The 1700s brought new prosperity to Arequipa. Local vintners began distilling aguardiente (brandy) from their surplus wine and made large profits from its sale in Upper Peru. The Proclamation of Free Trade (1778) increased commercial activity, although higher royal fiscal exactions caused a short-lived rebellion in January 1780. When Charles III established the Peruvian intendancies in 1784, the intendant of Arequipa received jurisdiction over all the provinces of southern coastal Peru. By the 1790s Arequipa was the second largest city in the viceroyalty, with a population of 22,030. It was a royalist stronghold during the wars for independence. Pumacahua and his indigenous soldiers invaded Arequipa in 1814 and killed the intendant, but they were able to hold the city only briefly.
Despite its royalist sentiments, however, Arequipa's economic interests lay less with Lima than with Upper Peru, and following independence Arequipa became a chief opponent of Lima's attempts at political centralization. Foreign commercial interests flocked to Arequipa, attracted by its economy and the access it offered to Bolivia. Arequipa's wine and brandy trade declined, replaced by wool exports. By 1876 railroads linked Arequipa with the coast and with Cuzco via Juliaca, and a Bank of Arequipa opened in 1872. The city has remained a bureaucratic, commercial, and agricultural center, attracting ever greater numbers of migrants from the sierra. Its population in 2005 was 860,000, with 1,140,000 in the department. The late nineteenth-century historical novel Jorge, el hijo del pueblo (1892) by María Nieves y Bustamante captures midnineteenth-century Arequipeña society during the time of the 1864 to 1856 civil war.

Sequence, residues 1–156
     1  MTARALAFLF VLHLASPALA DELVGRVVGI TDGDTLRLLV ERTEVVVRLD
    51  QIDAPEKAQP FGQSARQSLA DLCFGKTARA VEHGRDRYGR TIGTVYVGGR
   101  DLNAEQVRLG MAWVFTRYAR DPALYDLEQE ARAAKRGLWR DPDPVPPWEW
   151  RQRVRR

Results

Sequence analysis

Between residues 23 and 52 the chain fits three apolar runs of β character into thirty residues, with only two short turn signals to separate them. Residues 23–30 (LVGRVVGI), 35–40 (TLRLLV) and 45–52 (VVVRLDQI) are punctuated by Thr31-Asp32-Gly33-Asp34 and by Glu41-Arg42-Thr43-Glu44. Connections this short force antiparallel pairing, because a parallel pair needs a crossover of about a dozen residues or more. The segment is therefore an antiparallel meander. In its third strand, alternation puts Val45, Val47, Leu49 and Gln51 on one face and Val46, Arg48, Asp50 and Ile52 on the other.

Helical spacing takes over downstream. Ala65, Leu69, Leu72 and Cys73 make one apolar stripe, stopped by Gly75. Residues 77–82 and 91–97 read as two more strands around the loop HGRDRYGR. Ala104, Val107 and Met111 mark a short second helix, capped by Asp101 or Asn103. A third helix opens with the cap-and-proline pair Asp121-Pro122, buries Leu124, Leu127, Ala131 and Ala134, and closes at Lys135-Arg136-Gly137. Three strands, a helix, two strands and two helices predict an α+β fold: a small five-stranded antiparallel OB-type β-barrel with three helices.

Germán Leguía y Martínez, Historia de Arequipa, 2 vols. (1912–1914).
Victor M. Barriga, Memorias para la historia de Arequipa, 4 vols. (1941–1952).
Guillermo Galdos Rodríguez, La rebelión de los Pasquines (1967).
Alberto Flores-Galindo, Arequipa y el sur andino: Ensayo de historia regional (siglos XVIII-XX (1977).
Alejandro Málaga Medina, Arequipa: Estudios históricos, 3 vols. (1981–1986).
Keith A. Davies, Landowners in Colonial Peru (1984).
Kendall W. Brown, Bourbons and Brandy: Imperial Reform in Eighteenth-Century Arequipa (1986).
Ballón Lozada, Héctor. Cien años de vida política de Arequipa, 1890–1990. Arequipa, Peru: Universidad Nacional de San Agustín, 1992.
Chambers, Sarah C. From Subjects to Citizens: Honor, Gender, and Politics in Arequipa, Peru, 1780–1854. University Park: Pennsylvania State University Press, 1999.
Nieves y Bustamante, María. Jorge, el hijo del pueblo: Novela. Lima: Mejía Baca, 1958.
Kendall W. Brown